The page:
But for sure they cannot pass a course on one 100% assignment alone. But I suspect different teachers/schools have different ways of handling it. The guy who did the workshop I was in told us that his way was to structure the course so that students had to demonstrate a level of understanding for all the materials covered in the course. So if they did say, 5/10 of the assigned work but got 100%, then they've only demonstrated a level of understanding for half of the materials covered in the course. Therefore, the maximum they could get is 100% of 50%.

There are also little things like students not being allowed to contact their teacher in August about work that they finally completed in September. There is a deadline at some point. After all, I do plan on retiring one day.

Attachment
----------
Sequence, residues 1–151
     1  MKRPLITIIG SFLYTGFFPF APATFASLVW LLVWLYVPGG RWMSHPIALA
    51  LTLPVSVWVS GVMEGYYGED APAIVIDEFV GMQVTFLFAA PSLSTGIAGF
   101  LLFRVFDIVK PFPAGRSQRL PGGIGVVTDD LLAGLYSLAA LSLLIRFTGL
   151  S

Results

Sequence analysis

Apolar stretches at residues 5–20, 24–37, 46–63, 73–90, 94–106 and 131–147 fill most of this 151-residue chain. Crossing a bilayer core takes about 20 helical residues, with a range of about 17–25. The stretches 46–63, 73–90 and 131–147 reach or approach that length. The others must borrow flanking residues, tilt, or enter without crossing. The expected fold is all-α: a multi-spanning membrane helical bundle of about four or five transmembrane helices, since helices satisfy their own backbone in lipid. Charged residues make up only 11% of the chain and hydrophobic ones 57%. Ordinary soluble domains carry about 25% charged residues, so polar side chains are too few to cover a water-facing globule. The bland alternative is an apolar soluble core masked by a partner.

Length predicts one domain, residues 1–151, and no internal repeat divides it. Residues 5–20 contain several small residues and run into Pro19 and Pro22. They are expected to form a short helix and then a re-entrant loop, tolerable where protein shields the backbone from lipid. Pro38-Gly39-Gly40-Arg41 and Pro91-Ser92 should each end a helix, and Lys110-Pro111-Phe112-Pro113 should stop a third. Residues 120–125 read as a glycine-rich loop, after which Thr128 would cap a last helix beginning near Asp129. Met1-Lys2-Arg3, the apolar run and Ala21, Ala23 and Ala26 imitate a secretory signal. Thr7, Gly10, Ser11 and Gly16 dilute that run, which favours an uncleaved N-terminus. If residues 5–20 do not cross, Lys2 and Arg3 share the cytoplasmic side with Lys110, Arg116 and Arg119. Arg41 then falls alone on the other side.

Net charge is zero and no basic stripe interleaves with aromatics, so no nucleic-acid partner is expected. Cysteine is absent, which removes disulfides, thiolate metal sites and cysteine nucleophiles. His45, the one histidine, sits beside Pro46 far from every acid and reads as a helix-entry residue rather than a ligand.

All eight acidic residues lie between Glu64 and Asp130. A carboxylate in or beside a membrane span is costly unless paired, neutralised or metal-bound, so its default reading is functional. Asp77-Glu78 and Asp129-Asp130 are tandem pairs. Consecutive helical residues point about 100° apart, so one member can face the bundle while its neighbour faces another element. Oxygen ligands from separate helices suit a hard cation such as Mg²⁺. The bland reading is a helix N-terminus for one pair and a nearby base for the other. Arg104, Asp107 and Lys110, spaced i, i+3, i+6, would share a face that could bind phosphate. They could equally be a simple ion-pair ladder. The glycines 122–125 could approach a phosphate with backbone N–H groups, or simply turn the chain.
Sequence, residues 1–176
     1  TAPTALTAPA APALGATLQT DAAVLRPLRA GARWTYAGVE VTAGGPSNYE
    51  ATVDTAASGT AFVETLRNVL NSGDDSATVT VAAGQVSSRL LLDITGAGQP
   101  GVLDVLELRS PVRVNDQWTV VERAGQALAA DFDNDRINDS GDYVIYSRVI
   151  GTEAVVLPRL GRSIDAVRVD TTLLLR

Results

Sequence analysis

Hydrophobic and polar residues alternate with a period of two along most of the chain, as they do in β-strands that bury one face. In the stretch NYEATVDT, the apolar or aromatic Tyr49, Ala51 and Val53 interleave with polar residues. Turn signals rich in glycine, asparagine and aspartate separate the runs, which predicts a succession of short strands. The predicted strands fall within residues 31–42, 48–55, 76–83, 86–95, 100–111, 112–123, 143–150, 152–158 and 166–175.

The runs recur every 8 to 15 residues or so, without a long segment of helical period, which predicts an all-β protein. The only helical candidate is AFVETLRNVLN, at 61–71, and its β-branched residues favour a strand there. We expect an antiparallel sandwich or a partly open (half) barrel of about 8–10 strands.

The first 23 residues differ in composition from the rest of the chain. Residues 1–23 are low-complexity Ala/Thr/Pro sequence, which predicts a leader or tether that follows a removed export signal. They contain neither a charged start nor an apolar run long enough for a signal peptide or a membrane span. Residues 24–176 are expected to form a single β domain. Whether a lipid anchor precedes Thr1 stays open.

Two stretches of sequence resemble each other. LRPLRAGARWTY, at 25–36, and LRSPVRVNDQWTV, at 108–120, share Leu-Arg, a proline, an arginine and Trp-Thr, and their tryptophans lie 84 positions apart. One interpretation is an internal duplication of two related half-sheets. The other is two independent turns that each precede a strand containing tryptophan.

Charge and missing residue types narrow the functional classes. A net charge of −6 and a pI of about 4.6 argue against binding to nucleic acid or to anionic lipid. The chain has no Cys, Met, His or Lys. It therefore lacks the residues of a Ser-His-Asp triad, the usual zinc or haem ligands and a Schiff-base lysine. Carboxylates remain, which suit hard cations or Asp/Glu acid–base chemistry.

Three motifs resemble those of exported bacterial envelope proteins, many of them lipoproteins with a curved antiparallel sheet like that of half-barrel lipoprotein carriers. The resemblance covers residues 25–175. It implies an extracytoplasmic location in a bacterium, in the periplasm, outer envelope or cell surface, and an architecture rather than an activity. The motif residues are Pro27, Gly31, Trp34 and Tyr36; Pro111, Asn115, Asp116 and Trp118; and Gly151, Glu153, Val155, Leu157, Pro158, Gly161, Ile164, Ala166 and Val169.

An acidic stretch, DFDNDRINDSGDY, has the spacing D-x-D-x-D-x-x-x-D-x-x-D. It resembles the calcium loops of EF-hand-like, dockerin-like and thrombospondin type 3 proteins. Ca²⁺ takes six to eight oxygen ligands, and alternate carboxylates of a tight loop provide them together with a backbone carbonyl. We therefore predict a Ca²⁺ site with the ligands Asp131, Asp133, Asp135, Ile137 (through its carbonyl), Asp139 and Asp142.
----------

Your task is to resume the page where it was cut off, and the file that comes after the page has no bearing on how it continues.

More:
I should ask someone about the “incomplete for the course instead of a failing grade” question. My gut instinct says yes but I want to make sure.

I think understanding shouldn't be the only thing graded unless that's the only thing teachers are expected to teach kids. We both know that's not the case, but if it is, then the kids that refuse to understand by not doing homework, assignments, or acting poorly in class should just be sent home.

I kind of like that system. Choose success or choose not to be at school and be a bum the rest of your life. We'd have ALOT of bums then though, huh?

There's actually four requirements that the ministry set up but I put in understanding because I didn't want to get into ministry documents on a Sunday afternoon. Also my understanding is that the documents are being updated so next year it could be different. But the four categories in the achievement chart are: knowledge/understanding, thinking/inquiry, communication, and application.